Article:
Wayne County Landowner
DRBC Executive Director Steve Tambini didn’t like being called out for lobbying the Pennsylvania legislature in opposition to Jonathan Fritz’s H.B. 827.
On June 6, 2019, several members of the Upper Delaware River Basin Citizens attended the Upper Delaware Council (UDC) meeting in Narrowsburg. DRBC Executive Director Steve Tambini was in attendance representing the DRBC. Following Mr. Tambini’s status report, he was asked by one member of the council about the DRBC staffers who were reportedly lobbying legislators in Harrisburg to vote no on H.B. 827 and telling the legislators that there was no gas here. Mr. Tambini denied knowledge of that and said that DRBC staffers frequently go to Harrisburg to “educate” legislators.
With that, I spoke up and gave him the name of the DRBC staffer, Stacey Mulholland, who was there doing the lobbying. I also stated our sources were pretty straight regarding what they were saying. He then admitted the DRBC opposes H.B. 827 but continued to insist the staffers were educating and not lobbying. I pressed him further about his semantics and then specifically asked him if this was an ethics violation. He emphatically denied that it was an ethics violation. We’ll see, but here are the relevant definitions of lobbying from Pennsylvania law:
Lobbying. An effort to influence legislative action or administrative action in this Commonwealth. The term includes: (1) direct or indirect communication; (2) office expenses; and (3) providing any gift, hospitality, transportation or lodging to a State official or employee for the purpose of advancing the interest of the lobbyist or principal. 65 Pa. Stat. and Cons. Stat. Ann. § 13A03.
Lobbyist. Any individual, association, corporation, partnership, business trust or other entity that engages in lobbying on behalf of a principal for economic consideration. The term includes an attorney at law while engaged in lobbying. 65 Pa. Stat. and Cons. Stat. Ann. § 13A03.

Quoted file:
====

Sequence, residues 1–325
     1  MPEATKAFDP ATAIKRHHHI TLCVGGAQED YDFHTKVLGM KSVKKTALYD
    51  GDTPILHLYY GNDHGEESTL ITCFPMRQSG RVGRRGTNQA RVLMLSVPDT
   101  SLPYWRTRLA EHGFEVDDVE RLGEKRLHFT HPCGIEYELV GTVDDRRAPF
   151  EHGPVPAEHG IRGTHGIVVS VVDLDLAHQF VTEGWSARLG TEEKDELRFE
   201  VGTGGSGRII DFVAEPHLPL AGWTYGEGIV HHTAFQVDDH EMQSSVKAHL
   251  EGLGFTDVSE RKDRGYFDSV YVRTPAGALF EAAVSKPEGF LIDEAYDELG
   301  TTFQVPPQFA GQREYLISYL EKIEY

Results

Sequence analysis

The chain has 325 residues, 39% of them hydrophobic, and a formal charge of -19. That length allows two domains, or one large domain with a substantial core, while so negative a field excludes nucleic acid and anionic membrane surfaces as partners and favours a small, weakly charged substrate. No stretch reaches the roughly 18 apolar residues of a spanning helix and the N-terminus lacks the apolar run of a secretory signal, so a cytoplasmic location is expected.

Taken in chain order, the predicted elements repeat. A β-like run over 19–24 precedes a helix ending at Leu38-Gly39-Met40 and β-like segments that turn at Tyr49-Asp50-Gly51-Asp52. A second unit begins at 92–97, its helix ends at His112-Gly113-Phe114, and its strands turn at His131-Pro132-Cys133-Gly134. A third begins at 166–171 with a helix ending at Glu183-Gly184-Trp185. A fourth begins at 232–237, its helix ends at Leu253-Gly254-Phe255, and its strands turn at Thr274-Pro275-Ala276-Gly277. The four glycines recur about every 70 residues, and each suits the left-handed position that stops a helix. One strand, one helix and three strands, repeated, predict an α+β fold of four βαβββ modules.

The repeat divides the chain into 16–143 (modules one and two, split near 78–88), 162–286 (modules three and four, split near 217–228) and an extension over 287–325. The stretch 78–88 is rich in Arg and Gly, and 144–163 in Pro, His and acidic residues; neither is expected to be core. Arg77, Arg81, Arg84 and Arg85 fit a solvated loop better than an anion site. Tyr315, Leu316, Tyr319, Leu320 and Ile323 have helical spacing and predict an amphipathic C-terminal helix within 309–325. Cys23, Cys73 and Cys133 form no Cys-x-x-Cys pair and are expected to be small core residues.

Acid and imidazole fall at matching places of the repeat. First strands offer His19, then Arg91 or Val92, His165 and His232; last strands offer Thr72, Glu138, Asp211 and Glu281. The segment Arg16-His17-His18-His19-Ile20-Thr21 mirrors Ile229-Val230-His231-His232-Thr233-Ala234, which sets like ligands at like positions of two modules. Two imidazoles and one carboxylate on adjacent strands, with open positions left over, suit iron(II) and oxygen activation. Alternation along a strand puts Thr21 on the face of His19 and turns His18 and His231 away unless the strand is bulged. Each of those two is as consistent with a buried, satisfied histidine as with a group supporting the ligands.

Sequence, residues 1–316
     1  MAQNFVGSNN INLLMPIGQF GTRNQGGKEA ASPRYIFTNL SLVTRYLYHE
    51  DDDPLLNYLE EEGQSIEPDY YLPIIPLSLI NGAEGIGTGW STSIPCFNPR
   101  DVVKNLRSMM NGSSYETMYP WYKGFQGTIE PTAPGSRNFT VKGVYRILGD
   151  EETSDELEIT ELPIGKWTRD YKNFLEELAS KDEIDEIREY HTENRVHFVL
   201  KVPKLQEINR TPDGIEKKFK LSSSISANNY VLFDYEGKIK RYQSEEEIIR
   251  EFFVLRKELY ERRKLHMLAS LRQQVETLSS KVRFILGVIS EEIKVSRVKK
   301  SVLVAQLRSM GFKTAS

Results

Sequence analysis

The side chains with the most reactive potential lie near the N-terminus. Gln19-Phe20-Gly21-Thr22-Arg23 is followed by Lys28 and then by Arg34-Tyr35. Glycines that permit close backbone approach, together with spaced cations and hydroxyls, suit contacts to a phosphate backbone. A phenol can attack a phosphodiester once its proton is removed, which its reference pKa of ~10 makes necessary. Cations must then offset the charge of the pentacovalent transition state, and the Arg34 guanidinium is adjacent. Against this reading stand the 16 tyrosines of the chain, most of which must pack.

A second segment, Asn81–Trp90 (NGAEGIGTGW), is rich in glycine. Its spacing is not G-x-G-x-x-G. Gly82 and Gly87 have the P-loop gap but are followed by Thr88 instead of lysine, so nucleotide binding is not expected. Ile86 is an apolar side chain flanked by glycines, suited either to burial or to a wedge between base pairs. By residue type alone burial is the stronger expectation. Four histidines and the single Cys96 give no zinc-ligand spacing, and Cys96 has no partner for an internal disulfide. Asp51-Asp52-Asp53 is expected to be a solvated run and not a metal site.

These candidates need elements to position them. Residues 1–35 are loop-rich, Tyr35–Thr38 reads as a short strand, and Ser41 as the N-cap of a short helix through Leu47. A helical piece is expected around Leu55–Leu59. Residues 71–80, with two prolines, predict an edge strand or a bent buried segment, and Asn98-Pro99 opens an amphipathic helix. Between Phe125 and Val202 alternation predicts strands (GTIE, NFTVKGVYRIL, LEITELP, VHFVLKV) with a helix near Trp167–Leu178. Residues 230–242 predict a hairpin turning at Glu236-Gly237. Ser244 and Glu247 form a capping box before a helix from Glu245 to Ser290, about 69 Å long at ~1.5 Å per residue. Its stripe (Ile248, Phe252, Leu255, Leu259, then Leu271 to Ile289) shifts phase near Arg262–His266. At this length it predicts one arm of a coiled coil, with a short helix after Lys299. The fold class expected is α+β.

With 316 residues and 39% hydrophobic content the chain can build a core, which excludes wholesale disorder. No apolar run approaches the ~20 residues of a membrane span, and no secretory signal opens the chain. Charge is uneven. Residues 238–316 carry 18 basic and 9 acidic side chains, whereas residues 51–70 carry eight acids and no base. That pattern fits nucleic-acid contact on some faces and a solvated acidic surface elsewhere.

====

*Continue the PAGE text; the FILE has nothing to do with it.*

Whether it was lobbying or “education,” we know Pennsylvania taxpayer money given to the DRBC has been used to challenge proposed Pennsylvania legislation. And, Steve Tambini didn’t like being called out on it.
Public comment was reserved for the end of the meeting. At that time, I also asked Tambini to name industries in the basin that have been banned due to “possible risk.” His response was that this question was related to natural gas and then preempted the rest of his response with a snarky, “Ms. Sutliff knows.” He went on to say that they are under litigation and referred to the lawsuit currently against the DRBC. He refused to answer my question but, instead, gave the pat answer about how the DRBC is currently reviewing the public comment.
Of course, the obvious answer to my question is that there have been no industries in the basin, across the Commonwealth, or even across the country that have been banned due to “possible risk.” If that were the case, all industries would be shut down and the world would come to a standstill.
As a follow up question, I asked him about the four voting members of the Commission, the four Governors who already said they would vote for a total ban before the public comment was even received, tabulated, and reviewed. Again, he gave the same pat answer about how they were in the process of reviewing the public comments and refused to answer my question.
With that, another member of UDRBC quoted Mr. Tambini verbatim from his testimony before the State Government Committee on June 11, 2018, and told him those were his exact words a year ago. So, they have been reviewing those comments for a year now. He then asked Mr. Tambini what they have been doing all this time, nothing?
Mr. Tambini’s demeanor was definitely, as one member of the council put it, “testy, rude, and obviously not happy.” Another said he “lost control.”
Mr. Tambini was the first one out of the building, probably because he did not have his usual entourage, Maya and Company, there to defend him and was caught off guard by the presence of UDRBC members and the tough questions that were asked. The questions asked were not even related to the Wayne Land and Mineral Group lawsuit. That, rather, has to do with the DRBC overstepping its Compact into land use issues by trying to say a well pad is a project. The questions at the UDC meeting were all about the proposed ban and the public comment. I felt that his answer to me was snarky, but then he is not an elected official, so I guess he doesn’t feel the need to be polite or answer to the public even about public comment.